- 05, Apr 2016
- Parisian theatre
- Alexa Benudiz
When you hear New York City, you instantly think of Broadway. London conjures up notions of the West End. But how about theatre in Paris? Is it different? What constitutes a good theatre experience in a city that is an open air theatre in its own right, and where theatre culture is such an essential part of life that there is not even a dedicated theatre district?
Seeing a play in NYC is no different than in Paris, in the sense that there are actors, a stage, a director, and that it’s an exciting experience. The biggest cultural difference lies in the spectators’ attitude.
In the U.S., going to see a play is considered a treat or a special event, not a regular occurrence. American theatre halls are glamorous and imposing, and the price of a ticket is expensive.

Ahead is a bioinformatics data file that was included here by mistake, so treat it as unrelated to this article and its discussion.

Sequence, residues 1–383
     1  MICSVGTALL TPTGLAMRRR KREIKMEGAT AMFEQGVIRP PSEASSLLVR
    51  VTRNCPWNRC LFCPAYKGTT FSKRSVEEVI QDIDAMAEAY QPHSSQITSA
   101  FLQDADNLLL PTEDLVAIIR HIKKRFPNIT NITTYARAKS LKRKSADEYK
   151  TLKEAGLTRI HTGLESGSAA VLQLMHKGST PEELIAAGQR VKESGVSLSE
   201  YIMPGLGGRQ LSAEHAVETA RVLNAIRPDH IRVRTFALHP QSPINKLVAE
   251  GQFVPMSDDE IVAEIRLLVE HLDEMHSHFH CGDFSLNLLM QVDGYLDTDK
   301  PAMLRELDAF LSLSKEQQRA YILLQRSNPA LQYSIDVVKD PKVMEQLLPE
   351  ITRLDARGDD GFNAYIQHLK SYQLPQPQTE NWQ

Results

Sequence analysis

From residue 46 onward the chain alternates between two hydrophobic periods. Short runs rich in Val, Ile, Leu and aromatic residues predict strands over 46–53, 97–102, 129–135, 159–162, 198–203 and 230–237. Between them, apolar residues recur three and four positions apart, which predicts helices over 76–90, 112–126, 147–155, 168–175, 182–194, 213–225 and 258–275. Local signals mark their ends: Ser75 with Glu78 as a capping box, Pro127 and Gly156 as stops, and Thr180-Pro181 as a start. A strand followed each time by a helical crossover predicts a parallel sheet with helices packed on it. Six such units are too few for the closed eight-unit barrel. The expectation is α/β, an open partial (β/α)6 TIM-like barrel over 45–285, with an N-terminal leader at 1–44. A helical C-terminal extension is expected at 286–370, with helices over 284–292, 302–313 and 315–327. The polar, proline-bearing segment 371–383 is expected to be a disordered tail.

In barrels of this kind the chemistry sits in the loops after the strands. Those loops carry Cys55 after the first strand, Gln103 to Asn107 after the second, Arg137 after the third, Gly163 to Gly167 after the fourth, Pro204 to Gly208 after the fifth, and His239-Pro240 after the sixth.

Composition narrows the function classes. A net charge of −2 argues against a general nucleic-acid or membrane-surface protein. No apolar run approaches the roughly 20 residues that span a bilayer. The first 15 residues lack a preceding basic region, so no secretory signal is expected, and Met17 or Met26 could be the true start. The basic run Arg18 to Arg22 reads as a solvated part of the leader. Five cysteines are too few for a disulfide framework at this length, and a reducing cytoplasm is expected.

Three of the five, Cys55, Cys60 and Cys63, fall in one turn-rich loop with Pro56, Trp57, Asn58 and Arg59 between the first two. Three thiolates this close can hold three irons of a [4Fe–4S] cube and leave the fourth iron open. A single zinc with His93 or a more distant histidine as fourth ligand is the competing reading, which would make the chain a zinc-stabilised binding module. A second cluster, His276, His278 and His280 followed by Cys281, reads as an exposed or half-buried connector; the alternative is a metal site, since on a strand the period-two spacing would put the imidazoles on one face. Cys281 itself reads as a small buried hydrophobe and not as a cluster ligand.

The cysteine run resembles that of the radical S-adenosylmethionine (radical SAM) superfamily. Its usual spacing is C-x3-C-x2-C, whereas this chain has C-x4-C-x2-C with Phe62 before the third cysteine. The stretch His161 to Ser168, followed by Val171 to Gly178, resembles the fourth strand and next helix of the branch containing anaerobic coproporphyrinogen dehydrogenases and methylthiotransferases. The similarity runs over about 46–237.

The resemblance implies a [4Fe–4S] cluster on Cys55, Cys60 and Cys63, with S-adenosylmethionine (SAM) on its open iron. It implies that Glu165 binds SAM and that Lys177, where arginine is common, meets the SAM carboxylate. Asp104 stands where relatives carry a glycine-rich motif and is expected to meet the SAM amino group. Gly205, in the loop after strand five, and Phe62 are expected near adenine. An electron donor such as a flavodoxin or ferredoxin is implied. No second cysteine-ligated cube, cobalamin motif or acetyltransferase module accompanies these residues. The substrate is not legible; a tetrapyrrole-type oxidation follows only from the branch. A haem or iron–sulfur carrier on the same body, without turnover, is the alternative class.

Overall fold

For the French, theatre has traditionally occupied a large place in their culture. It has its firm place in the lives of locals, to be enjoyed frequently and without moderation in a casual, intimate and comfortable settings. And it is affordable. While ticket prices in the U.S. can easily exceed 100 dollars, tickets in Paris range from only 35 to 40 euros. It is pretty unlikely for someone in New York or LA to find a ticket for that beautiful price!
Far from its reputation of being accessible for the cultural elite only, French theatrical culture is oriented toward making you feel included. Whether an usher personally guides you to your seat or a presenter at the front of the house greets you with an opening speech, you feel welcome… at home and among locals in a place far from home. And what can be better in a foreign country where they hold the arts so true to their hearts?